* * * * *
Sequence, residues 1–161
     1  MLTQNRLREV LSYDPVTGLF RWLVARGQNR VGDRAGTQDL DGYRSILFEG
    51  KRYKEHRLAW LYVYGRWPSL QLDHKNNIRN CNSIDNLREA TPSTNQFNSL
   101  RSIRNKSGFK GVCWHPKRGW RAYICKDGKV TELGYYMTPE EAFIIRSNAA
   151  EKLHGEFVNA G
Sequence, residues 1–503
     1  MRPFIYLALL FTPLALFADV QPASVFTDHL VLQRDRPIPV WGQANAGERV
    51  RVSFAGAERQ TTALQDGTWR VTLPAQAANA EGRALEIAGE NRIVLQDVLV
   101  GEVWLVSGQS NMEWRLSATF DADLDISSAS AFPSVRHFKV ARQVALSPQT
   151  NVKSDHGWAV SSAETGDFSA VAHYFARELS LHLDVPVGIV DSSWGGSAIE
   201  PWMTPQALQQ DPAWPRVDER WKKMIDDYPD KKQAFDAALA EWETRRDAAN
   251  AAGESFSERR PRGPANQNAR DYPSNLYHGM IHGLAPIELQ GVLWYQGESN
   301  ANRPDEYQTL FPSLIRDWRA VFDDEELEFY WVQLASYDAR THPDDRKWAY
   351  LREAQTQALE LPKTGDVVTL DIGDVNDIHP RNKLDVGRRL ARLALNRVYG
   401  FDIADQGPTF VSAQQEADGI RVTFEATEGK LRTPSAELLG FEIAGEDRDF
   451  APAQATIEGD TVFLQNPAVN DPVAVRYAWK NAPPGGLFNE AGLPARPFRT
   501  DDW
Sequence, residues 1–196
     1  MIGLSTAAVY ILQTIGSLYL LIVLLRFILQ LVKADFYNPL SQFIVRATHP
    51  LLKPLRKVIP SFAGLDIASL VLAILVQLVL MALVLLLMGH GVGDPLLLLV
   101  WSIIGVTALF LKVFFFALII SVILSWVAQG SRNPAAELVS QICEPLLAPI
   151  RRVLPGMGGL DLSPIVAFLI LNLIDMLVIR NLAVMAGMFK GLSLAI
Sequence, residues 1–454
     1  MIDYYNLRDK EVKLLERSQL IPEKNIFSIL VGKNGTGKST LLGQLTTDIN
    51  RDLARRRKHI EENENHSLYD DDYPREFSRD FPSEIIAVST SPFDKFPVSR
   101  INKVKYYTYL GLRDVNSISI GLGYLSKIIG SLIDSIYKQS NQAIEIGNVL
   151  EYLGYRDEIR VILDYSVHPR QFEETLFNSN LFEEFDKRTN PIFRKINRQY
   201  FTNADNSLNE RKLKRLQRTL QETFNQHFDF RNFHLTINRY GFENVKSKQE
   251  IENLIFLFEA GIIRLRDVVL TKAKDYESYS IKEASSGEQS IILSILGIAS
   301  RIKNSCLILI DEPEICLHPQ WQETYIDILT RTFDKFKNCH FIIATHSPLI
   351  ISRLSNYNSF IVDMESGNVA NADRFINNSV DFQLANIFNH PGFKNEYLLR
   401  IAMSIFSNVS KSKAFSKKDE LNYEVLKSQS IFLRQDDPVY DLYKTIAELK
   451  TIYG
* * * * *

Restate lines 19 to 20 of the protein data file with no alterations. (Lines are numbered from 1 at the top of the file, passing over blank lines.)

     1  MIGLSTAAVY ILQTIGSLYL LIVLLRFILQ LVKADFYNPL SQFIVRATHP
    51  LLKPLRKVIP SFAGLDIASL VLAILVQLVL MALVLLLMGH GVGDPLLLLV